Author Topic: Can J.S Bach be considered a religious composer? Hell, no.  (Read 16822 times)

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Offline Shrunk

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Re: Can J.S Bach be considered a religious composer? Hell, no.
« Reply #20 on: September 06, 2007, 06:16:31 AM »

It's hard to believe, for me at least, that works of art of such tremendous spiritual power as Michelangelo's Pieta or Handel's Messiah could have been created only for money, with no personal commitment from the artist.


But must that "personal commitment" necessarily have a religious basis?  I sense no less passion or commitment in, say, Michelangelo's Medici Chapel, or Bach's 2nd Cello Suite than in those artists' more overtly religious works.

Of course, you could also argue that their faith was so integral to them that it suffused all of their work, whether or not its content was explicitly religious.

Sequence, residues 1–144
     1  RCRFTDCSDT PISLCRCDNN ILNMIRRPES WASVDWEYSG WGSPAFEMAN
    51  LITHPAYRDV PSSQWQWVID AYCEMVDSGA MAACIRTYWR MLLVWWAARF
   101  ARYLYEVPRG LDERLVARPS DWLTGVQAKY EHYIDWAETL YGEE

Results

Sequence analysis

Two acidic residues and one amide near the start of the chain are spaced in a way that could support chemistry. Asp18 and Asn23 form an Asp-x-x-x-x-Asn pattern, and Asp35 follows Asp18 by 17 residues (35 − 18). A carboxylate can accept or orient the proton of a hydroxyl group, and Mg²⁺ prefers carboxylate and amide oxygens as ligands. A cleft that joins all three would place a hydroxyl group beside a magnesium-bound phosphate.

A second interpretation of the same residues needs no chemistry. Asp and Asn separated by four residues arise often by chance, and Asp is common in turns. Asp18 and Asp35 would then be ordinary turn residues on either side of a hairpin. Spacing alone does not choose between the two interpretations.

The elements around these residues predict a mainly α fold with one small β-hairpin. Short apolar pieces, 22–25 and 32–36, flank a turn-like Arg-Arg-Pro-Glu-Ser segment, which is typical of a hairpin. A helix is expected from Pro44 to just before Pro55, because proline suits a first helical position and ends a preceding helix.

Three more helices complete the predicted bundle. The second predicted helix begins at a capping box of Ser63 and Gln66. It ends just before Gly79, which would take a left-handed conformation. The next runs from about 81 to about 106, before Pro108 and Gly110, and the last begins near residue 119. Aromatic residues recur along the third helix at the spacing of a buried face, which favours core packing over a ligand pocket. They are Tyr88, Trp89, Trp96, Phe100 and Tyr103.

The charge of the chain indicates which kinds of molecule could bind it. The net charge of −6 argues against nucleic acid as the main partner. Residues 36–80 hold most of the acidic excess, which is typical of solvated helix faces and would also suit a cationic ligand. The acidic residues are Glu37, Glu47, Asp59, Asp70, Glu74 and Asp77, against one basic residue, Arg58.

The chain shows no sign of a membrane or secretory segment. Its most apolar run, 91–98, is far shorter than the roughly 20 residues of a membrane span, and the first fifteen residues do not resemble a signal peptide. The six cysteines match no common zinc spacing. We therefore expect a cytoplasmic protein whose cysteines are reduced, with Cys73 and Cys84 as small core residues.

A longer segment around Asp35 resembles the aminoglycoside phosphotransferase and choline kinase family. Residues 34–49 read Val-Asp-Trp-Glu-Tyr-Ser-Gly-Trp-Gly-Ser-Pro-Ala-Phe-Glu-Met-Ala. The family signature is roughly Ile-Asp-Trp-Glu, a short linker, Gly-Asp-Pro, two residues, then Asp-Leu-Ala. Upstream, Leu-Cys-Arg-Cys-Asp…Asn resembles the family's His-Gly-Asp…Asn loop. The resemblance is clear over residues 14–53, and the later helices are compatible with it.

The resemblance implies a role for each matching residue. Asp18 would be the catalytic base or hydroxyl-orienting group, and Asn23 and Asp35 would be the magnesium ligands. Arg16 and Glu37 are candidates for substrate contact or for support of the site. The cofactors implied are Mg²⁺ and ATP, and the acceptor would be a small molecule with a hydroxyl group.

Offline Florestan

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Re: Can J.S Bach be considered a religious composer? Hell, no.
« Reply #21 on: September 06, 2007, 06:20:49 AM »
Of course, you could also argue that their faith was so integral to them that it suffused all of their work, whether or not its content was explicitly religious. 

My point exactly.
What is Music? How do you define it? Music is a calm moonlit night, the rustle of leaves in Summer. Music is the far off peal of bells at dusk! Music comes straight from the heart and talks only to the heart: it is Love!  --- Rachmaninoff

Online Que